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Lost Dogs – Is your dog at risk?

DoggyMom.com:

I really like the checklist in this item. Sometimes, without thinking, we put our dogs at risk. Losing a dog would be one of the most heartbreaking things that any of us experience – let’s re-think our habits before it is too late.

Kathleen Crisley, specialist in dog massage, rehabilitation and nutrition/food therapy, Canine Catering Ltd, Christchurch, New Zealand

Originally posted on No Dog About It Blog:

IMG_6838I’m often brought to tears by stories of lost dogs that have been found.

Just this past weekend, a ten-year-old dog was found after being lost and out on her own for several days in frigid temps. As I read her owner’s teary and thankful response to all those who helped her get her dog back, I wept.

I remember the powerful waves of emotion that swept over me when I finally had Cupcake back in my arms again – relief, gratitude, and extreme happiness. Even though it has been three years since Cupcake went missing, I have never forgotten those twelve days she was gone. I have only to read another lost dog story or see another missing dog posting, to feel all the fear, worry and sadness all over again.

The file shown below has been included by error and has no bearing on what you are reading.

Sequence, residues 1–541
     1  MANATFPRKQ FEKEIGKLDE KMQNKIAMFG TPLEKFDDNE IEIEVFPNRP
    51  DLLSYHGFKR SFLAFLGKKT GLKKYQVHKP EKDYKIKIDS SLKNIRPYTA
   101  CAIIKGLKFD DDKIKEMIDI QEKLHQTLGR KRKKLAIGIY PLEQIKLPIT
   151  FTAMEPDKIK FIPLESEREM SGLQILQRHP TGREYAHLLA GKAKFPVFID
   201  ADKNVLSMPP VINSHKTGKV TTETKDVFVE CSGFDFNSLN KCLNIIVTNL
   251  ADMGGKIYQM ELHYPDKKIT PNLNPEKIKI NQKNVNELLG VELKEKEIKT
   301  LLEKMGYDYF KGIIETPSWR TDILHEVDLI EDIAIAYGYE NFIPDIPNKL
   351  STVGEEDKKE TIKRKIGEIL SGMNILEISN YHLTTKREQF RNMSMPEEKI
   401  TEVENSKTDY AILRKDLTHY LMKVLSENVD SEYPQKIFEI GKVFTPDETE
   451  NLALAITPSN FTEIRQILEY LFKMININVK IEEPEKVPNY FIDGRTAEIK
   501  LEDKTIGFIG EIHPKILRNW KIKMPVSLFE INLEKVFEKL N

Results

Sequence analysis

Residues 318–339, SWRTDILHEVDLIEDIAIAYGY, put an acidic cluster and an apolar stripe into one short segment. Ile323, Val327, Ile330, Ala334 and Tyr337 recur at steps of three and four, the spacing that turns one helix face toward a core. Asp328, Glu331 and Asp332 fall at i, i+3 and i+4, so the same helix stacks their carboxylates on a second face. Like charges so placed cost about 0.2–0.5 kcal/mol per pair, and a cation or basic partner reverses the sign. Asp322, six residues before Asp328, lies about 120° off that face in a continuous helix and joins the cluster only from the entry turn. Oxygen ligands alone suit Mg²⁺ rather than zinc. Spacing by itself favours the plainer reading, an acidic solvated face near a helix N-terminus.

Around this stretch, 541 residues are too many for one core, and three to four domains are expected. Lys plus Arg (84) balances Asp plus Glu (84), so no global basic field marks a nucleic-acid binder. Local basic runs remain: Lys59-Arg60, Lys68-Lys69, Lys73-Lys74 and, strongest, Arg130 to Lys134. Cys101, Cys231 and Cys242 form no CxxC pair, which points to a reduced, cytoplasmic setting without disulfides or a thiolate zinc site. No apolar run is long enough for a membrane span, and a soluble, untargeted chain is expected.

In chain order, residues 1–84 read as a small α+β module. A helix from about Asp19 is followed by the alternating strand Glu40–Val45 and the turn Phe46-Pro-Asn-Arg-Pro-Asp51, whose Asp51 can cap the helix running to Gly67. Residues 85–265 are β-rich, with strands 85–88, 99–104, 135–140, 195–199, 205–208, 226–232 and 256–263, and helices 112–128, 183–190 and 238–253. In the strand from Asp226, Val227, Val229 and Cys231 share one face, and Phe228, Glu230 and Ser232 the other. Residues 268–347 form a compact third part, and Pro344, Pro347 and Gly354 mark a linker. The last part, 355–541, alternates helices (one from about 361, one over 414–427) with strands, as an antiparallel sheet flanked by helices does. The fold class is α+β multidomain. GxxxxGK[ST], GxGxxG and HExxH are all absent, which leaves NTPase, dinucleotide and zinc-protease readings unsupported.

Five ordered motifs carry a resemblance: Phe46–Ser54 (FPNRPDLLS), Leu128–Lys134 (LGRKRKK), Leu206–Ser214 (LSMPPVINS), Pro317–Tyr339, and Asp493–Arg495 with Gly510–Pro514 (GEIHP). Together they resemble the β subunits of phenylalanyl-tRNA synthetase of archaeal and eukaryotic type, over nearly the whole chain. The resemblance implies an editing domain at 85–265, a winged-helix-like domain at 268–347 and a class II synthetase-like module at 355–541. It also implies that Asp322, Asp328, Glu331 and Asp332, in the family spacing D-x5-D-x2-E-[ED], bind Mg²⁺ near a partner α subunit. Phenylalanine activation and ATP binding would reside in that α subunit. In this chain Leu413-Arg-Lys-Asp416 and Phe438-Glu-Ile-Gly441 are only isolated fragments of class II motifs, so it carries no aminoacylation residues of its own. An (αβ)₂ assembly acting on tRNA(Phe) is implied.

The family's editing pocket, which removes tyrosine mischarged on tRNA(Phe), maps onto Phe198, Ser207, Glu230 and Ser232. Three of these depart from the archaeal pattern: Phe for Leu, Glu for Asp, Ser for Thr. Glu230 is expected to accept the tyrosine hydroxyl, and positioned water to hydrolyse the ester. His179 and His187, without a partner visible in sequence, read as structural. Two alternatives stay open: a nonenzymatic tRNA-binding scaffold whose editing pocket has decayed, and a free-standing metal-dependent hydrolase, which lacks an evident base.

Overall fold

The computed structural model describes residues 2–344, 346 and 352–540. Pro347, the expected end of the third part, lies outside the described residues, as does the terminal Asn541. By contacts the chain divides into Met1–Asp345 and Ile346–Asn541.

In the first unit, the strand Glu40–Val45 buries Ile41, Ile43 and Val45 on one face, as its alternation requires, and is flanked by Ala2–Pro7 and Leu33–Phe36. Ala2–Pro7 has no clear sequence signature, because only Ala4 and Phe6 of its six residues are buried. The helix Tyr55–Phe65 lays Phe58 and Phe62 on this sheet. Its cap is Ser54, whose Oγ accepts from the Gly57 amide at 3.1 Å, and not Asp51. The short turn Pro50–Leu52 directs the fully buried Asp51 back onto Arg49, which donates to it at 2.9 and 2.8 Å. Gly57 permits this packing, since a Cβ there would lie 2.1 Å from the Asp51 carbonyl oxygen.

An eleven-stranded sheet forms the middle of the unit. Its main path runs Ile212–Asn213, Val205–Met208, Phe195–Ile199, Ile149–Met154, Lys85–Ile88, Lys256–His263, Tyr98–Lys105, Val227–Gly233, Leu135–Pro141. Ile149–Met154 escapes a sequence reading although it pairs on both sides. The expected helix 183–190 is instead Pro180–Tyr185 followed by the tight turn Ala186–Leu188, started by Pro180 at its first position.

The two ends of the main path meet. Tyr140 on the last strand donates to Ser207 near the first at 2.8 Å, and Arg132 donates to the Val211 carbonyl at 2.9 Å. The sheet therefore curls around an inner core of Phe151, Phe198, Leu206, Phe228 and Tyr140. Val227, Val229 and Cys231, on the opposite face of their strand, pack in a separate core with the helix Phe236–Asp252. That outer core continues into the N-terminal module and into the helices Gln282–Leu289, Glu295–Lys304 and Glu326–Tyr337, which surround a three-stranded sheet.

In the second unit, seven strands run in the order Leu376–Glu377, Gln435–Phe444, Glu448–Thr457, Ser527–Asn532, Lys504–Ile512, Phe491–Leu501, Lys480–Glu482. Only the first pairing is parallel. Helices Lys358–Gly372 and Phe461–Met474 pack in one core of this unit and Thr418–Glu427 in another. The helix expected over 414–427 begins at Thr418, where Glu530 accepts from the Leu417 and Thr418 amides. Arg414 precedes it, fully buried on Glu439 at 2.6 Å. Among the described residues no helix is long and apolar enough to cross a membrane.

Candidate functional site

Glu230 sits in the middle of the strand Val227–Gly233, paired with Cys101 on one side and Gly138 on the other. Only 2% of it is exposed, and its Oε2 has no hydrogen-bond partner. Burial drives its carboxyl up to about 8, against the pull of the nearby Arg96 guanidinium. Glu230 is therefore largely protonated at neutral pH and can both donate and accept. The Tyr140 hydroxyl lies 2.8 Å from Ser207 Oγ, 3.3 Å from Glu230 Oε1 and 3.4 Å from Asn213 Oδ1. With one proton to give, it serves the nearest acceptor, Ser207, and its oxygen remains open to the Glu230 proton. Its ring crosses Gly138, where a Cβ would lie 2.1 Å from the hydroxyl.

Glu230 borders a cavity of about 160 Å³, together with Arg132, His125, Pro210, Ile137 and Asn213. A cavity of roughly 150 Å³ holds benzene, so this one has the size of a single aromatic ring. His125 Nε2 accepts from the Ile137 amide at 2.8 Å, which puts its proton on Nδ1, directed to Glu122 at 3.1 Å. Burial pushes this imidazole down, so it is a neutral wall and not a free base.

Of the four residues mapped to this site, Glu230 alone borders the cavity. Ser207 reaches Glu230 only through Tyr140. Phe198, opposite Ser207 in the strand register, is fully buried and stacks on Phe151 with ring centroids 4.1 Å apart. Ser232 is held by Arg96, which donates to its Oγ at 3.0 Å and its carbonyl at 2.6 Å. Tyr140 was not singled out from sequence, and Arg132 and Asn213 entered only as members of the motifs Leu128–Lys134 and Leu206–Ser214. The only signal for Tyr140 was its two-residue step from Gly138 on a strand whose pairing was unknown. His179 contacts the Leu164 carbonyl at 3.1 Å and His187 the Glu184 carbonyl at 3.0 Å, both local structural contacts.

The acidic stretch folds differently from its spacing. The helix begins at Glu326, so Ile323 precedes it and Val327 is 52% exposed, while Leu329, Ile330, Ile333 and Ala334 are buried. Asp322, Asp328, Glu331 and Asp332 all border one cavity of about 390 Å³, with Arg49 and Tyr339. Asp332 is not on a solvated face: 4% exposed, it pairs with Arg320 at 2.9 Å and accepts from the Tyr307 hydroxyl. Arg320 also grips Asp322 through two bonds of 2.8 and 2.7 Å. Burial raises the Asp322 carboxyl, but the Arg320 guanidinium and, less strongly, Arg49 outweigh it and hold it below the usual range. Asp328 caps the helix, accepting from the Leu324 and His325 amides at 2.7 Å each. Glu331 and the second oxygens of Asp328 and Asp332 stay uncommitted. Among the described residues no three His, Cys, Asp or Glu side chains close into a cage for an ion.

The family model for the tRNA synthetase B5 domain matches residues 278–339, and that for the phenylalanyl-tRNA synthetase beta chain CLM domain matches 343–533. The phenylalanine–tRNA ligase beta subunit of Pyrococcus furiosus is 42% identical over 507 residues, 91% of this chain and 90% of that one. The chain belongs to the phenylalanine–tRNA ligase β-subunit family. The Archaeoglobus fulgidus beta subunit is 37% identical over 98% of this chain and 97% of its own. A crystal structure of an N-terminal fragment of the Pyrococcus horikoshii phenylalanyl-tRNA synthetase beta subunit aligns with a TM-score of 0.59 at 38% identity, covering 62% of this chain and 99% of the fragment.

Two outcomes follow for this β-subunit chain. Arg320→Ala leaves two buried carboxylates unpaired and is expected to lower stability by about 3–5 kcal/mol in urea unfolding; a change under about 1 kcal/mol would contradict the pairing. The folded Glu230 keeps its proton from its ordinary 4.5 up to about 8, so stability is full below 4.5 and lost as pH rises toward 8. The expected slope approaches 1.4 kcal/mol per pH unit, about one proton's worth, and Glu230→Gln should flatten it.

Losing a dog (no matter how long) changes you. It makes you more cautious, and more attentive. It also makes you less likely…

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Sarah’s Something Special Day

DoggyMom.com:

This is a great idea for multi-dog households. Every fur baby needs one on one time!

Originally posted on Adventures at Run A Muck Ranch:

Recently, we instituted mandatory Something Special Days.   Once a week, each dog is to be separated from The Hoard for 100% attention.  No cell phone, no distractions, just 100% attention focused on one dog.

Today was Sarah’s Something Special Day.

As an added bonus, she had both Crabby and me there to share it with her.

Does this look like a happy girl to you?

DSC_4719